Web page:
Bollywood trailers do it bigger and better in 30 secs
Too many movies and too little time at the box office? Enter the snazzy Bollywood trailer, which in anything between 30 seconds and five minutes can decide a film's fate in its first week.india Updated: Apr 13, 2009 21:51 IST
Too many movies and too little time at the box office? Enter the snazzy Bollywood trailer, which in anything between 30 seconds and five minutes can decide a film's fate in its first week.
Movie promos, which at one time were no more than snippets from films chosen by the directors or editors, are not taken lightly any more by India's Rs.100-billion film industry. They are crafted by expert hands with huge amounts being pumped into them.
"Having the right trailer for a movie is very important. Those are the first pieces of a film that an audience gets hooked to and that is what helps the audience decide whether they want to go and watch a certain film or not," National Award-winning filmmaker Madhur Bhandarkar told IANS.
Nabeel Abbas, the man behind the publicity of most of Aamir Khan's films, feels a trailer is the window to a movie.
"A trailer is a representative of the film and so it should show what the film is about. If there is something integral to the script of a film, that should be showcased instead of being concealed from the audience," said Abbas, CEO, Epigram Advertising.
"Besides, it is very important that the pace of a movie's trailer matches the pace of the film and it needs to be a very honest representative of what the film is about," he added.
Filmmakers today are shelling out as much as Rs.1 million to Rs.2.5 million and hiring the services of promo experts unlike before, when the director or editor would cut it themselves.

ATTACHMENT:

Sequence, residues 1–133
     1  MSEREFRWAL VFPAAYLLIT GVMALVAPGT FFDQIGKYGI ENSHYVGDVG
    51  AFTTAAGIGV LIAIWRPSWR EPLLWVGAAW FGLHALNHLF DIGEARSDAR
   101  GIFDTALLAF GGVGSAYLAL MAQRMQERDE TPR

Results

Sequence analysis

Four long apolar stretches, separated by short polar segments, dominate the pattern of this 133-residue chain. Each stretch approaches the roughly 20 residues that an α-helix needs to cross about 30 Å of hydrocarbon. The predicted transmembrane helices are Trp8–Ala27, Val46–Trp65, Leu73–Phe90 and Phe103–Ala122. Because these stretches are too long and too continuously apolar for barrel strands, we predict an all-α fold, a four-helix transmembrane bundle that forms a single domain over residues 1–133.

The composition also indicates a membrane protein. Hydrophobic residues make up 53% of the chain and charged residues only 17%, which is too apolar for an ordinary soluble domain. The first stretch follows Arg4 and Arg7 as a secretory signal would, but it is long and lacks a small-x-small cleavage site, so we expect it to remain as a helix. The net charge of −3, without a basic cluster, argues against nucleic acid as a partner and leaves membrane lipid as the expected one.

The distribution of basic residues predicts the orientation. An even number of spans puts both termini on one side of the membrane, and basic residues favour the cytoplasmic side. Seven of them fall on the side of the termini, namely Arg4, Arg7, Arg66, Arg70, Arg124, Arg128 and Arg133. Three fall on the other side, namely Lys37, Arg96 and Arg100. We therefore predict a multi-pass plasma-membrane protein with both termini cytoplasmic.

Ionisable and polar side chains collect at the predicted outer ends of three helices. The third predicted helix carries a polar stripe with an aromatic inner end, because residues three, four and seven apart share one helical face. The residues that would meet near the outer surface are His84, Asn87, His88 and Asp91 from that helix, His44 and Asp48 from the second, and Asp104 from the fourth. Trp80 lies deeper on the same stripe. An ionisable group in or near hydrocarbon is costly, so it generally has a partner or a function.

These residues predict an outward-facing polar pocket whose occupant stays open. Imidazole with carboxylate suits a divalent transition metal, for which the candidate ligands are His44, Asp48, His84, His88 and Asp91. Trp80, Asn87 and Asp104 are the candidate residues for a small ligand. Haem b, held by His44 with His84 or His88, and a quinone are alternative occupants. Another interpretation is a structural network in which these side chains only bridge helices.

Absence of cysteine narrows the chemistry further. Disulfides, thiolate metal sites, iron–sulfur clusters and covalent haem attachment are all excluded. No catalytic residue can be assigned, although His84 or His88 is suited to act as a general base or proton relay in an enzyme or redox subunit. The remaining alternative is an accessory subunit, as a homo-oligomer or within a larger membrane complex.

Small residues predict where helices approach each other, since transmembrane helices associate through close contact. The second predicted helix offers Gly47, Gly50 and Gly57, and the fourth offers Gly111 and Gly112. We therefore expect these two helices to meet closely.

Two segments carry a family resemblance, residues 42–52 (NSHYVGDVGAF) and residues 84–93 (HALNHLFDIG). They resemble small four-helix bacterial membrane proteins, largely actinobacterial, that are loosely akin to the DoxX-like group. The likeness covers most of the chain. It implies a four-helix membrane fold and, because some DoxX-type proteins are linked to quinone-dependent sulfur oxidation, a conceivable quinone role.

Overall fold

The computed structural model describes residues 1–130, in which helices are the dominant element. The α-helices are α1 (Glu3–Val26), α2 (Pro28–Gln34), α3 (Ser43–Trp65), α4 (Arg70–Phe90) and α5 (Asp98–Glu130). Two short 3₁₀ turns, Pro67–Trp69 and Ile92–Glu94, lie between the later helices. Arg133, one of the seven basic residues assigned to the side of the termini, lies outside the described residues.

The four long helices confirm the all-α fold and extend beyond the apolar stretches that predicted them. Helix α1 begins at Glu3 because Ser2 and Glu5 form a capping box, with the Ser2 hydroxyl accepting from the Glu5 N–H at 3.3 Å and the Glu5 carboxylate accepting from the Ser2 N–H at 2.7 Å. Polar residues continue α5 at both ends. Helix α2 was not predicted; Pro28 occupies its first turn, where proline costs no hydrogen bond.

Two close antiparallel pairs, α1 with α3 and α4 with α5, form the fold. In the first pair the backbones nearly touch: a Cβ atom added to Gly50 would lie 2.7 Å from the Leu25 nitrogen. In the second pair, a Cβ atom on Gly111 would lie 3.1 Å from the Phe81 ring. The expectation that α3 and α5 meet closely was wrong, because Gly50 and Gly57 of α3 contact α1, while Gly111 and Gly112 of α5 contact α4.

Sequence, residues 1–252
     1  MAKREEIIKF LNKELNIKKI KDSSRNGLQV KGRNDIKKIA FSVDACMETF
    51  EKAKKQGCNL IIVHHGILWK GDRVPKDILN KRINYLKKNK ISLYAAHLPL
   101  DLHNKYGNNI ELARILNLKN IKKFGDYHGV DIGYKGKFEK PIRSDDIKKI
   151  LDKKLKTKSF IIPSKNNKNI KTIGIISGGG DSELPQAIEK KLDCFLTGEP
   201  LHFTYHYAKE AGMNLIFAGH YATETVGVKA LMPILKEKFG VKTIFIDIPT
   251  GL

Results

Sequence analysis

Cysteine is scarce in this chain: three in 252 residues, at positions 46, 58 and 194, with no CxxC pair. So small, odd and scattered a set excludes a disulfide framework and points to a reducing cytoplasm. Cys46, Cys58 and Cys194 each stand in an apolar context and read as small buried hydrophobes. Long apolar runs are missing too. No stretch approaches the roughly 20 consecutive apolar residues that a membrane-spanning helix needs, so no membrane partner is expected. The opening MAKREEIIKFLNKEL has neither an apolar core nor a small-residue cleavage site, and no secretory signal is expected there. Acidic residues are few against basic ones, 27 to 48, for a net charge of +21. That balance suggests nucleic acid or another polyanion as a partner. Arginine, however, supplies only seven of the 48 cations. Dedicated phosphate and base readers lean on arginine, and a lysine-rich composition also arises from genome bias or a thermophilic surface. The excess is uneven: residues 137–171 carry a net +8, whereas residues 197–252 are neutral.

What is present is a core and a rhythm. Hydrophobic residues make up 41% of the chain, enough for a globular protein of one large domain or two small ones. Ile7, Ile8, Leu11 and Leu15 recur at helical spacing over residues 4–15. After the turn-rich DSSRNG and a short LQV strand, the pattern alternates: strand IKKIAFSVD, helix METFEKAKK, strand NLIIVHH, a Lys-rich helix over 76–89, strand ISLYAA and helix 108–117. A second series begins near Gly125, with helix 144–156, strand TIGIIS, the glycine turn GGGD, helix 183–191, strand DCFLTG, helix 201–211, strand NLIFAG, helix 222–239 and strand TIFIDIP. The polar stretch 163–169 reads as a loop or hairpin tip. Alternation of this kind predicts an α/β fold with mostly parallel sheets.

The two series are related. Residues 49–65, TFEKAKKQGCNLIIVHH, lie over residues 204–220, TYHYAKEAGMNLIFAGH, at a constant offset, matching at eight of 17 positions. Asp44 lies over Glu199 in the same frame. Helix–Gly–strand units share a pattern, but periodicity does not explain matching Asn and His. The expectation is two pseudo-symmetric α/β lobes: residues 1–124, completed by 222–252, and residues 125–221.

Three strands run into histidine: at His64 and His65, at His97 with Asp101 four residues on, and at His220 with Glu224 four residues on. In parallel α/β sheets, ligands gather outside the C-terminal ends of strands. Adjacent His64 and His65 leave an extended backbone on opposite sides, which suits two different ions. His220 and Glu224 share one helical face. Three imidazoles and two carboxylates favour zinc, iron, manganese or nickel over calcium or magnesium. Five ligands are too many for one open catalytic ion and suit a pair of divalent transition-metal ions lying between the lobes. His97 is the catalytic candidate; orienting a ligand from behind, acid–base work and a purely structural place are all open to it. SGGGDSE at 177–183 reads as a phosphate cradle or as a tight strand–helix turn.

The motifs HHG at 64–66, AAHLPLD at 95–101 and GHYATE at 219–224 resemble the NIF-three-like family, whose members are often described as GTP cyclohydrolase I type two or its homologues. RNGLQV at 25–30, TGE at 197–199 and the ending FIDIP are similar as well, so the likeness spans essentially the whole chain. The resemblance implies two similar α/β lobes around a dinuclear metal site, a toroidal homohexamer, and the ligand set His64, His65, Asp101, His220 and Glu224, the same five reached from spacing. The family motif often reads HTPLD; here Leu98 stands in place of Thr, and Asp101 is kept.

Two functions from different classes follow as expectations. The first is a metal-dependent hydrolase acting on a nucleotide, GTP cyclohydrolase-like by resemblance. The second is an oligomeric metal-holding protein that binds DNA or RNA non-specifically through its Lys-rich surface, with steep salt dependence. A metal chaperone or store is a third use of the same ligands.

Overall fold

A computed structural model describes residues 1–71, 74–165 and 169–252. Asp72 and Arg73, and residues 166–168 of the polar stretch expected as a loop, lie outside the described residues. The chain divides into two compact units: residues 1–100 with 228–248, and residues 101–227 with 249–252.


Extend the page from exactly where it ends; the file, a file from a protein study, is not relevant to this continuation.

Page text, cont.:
"This trend has come up in the past three-four years," said Amit Chandra, CEO of Trigger Happy, a Mumbai-based promo production company.
"Most directors used to cut the promos themselves, but now they prefer hiring an outsider because he or she will have a more objective approach to the film's subject and content and be able to provide a fresh perspective through the trailer," he added.
Chandra also observed that due to the existing neck-to-neck competition in the industry, a good trailer makes it easier for a movie buff to decide on the film that he or she must see next.
"Earlier, fewer films were made and people used to talk of a film's success in terms of a golden or a silver jubilee. But today if a film sustains at the box office just for the first week, it means it is doing fine. So directors are willing to hire the services of an outsider to design a good campaign, including a trailer for their film.
"Earlier, if my company was getting 10-15 films a year for their publicity campaign, now we are getting 50 films and this just goes on to show how people are increasingly using outsiders to design publicity material for their films," he said.
Shakeel Memon, an independent promo producer who has worked on the trailers of Sanjay Leela Bhansali's films - "Devdas", "Black" and "Saawariya", says the production of a good trailer requires the expertise of a lot of people.
"There are promo specialists who apart from editing also have the skill to tell a story through a 30-second trailer. But ultimately it is the director who plays a major part in deciding how the final look of a trailer will be as he is the captain of the ship," he said.